I’ve heard this argument time and time again. I actually had a mechanic tell me once that he “refused” to put the fuel filter anywhere but the engine compartment. Bad idea. A fuel filter puts pressure on the inlet tube of the carb. If that comes loose; well game over for your vintage Volkswagen. Not to fear, moving your fuel filter out of the engine area is very simple!
For illustration, my fuel filter is already installed and I’m replacing it. However, the process is the same.
Let’s take a look at a few simple parts you’ll need.
Alright, let’s get to work.
Jack the car up and remove the drivers side rear wheel.
Remove the heater tube. This will expose where the fuel line exits the chassis.
It’s time to check the line. Is it rotten? If the fuel line is in good shape, you need to clamp it off right where it exits the chassis. Good old vice grip pliers seem to work fine. Gas is a precious resource. Why waste a single drop.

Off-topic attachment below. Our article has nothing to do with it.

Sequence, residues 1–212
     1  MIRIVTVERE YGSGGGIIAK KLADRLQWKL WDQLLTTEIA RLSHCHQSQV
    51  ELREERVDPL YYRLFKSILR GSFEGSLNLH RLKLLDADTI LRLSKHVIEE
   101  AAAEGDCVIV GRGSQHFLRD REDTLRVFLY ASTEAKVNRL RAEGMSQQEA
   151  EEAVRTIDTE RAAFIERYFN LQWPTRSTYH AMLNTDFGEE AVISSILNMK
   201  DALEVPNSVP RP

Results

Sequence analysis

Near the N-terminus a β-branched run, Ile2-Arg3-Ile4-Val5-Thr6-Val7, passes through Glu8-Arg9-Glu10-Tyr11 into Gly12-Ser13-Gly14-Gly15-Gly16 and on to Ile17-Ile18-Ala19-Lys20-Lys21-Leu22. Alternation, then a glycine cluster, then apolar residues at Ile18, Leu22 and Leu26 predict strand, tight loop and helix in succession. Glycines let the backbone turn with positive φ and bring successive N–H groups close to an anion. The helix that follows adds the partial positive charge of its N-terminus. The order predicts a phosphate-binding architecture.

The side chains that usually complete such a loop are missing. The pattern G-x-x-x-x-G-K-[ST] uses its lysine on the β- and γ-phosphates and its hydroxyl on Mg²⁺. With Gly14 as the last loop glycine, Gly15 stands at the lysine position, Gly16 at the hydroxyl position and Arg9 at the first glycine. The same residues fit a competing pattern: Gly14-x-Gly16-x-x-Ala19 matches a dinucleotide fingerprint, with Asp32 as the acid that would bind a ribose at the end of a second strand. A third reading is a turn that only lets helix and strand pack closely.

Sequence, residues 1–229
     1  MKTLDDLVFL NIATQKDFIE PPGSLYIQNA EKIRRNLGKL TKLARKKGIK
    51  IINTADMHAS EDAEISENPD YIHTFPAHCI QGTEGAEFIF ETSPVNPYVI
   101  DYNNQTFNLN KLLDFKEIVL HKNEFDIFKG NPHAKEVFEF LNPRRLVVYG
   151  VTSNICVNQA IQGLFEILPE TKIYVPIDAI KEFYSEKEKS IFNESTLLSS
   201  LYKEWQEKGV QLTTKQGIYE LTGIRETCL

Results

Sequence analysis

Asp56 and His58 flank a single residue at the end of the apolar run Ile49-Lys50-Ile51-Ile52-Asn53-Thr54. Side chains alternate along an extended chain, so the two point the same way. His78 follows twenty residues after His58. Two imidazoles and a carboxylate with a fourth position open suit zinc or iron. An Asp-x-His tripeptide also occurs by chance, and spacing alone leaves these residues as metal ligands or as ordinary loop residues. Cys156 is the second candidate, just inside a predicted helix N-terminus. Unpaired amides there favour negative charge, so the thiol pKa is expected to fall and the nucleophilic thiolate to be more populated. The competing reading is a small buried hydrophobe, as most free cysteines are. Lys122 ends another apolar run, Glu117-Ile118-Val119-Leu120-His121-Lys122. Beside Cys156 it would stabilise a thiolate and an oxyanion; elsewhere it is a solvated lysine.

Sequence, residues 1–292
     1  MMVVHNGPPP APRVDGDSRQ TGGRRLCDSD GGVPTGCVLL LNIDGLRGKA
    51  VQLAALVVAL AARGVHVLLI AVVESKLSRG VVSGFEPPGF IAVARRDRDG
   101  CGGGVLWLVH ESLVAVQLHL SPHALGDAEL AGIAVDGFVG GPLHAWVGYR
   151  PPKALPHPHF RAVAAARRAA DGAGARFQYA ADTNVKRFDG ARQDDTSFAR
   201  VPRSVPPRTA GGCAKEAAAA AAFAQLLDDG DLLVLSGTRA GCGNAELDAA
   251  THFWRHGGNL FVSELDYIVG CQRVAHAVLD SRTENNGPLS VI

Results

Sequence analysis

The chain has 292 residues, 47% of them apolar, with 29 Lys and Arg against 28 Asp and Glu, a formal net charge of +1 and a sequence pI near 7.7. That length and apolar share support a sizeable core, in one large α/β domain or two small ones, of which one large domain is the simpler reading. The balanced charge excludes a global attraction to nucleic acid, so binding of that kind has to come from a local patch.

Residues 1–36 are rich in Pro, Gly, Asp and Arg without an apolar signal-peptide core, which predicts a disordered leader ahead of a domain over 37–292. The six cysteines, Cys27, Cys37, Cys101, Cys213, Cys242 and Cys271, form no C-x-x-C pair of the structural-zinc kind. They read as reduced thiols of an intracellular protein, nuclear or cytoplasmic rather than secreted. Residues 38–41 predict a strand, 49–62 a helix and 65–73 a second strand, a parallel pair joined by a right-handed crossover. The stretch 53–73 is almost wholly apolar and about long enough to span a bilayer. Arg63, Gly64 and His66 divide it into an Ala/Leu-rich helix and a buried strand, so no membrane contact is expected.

Once it’s safely clamped, you need to cut the line in prep for the filter. (Don’t fear, you can do this!) A little gas might run out, but don’t sweat it. I usually wear gloves, and hold back the urge to strike a match.
You can now insert the new filter.. Make sure you insert it top side up. That’s how the filters are made to be placed. You might have an extra bit of fuel hose at the top. Trim as needed and slip the top of the hose on to the filter. (Look at that nasty old filter)
Pretty dirty, huh
Old and new.
Once finished, make sure you add those fuel clamps. Yes, I’m yelling at you.
It’s now the moment of truth. Turn the key, start the engine and watch fuel pass through the line. Success! You’ve now moved your fuel filter where it should be. By default, VW did not run a filter. The OG German fuel pumps had it built-in. Also, there’s a screen in the tank.
Put the heater hose and tire back on. Now you won’t have to worry about this happening:
Lastly, your engine compartment looks a lot cleaner without the filter.
Hope this helps.